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CONOID (Gr. KWvor, cone, and el os, f...

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Originally appearing in Volume V06, Page 964 of the 1911 Encyclopedia Britannica.
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CONOID (Gr. KWvor, cone, and el os, form), in geometry, the solids (or surfaces) formed by the revolution of a conic section about one of its principal axes. If the conic be a circle the conoid is a sphere (q.v.); if an ellipse a spheroid (q.v.); if a parabola a paraboloid; if a hyperbola the surface is a hyperboloid of either one or two sheets according as the revolution takes place about the conjugate or transverse axis, and the surface generated by the asymptotes is called the " asymptotic cone." If two intersecting straight lines be regarded as a conic, then the principal axes are the bisectors of the angles between the lines; consequently the corresponding conoid is a right circular cone. It is to be noted that all these surfaces are surfaces of revolution; and they, therefore, differ from the surfaces discussed under the same names in the article GEOMETRY: Analytical. The spheroid has for its cartesian equation(x2+y2)/a2+z2/b2 = 1; the hyperboloid of one sheet(of revolution)is(x2+y2)/a2-z2/b2=1; the hyperboloid of two sheets is z2/c2-(x2+y2)/a2=1; and the paraboloid of revolution is x2+y2=4az.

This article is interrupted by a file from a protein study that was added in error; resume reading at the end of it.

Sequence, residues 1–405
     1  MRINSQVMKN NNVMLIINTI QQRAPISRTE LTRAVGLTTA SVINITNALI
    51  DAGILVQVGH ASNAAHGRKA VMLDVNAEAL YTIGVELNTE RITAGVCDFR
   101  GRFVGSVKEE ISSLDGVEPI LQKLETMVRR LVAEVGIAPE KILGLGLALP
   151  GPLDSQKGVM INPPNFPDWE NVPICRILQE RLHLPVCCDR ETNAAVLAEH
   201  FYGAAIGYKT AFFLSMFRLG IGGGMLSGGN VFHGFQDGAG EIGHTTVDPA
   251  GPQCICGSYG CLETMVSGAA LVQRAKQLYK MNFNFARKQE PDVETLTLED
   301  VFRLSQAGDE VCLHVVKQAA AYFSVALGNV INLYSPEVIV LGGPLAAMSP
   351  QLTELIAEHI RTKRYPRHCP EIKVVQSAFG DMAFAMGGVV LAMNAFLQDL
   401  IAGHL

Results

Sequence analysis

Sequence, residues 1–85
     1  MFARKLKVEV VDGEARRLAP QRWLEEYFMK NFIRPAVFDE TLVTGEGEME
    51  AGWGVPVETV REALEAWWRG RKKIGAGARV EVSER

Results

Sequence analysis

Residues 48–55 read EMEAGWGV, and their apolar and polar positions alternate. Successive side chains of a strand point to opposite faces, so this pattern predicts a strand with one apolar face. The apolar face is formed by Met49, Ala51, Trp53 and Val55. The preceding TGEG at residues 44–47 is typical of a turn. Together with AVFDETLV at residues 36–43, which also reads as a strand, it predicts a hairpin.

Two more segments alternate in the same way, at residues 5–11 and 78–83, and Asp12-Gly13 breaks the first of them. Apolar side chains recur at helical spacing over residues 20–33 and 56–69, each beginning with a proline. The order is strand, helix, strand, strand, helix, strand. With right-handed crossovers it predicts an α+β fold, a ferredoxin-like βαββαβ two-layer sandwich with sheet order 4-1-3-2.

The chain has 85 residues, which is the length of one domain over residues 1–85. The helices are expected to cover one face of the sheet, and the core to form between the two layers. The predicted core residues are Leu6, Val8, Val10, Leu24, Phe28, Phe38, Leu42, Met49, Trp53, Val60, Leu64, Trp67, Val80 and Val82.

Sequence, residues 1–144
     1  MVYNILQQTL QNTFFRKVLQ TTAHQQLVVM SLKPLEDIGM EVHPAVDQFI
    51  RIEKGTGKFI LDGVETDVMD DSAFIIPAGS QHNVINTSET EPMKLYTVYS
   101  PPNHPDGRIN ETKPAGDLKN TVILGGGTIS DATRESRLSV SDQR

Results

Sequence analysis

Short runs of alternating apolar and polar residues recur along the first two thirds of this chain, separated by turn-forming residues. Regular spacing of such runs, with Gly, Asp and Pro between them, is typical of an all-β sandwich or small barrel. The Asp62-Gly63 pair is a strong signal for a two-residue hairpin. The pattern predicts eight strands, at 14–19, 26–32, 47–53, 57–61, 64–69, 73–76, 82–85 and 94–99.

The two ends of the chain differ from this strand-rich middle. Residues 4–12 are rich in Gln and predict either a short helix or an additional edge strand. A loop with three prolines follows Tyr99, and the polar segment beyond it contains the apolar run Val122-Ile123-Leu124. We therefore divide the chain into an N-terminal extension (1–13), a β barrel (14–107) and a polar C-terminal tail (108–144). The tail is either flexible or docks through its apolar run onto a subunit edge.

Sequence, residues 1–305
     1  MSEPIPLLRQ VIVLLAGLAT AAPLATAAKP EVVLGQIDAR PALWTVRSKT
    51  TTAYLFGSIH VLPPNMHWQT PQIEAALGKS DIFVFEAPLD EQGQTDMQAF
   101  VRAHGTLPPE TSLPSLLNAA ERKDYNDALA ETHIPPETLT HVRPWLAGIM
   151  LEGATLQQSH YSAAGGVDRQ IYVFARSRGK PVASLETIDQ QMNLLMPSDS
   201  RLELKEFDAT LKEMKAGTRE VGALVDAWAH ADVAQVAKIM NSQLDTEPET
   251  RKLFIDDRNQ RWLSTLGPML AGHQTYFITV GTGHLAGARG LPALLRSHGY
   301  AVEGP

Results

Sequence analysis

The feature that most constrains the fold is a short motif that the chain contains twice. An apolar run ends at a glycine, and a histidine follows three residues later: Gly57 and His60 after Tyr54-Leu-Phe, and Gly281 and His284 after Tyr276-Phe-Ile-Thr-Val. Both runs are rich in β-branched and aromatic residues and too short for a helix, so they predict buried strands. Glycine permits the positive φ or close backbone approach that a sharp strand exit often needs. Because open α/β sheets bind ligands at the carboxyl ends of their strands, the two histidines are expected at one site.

End of Article: CONOID (Gr. KWvor, cone, and el os, form)
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JOHN CONOLLY (1794-1866)

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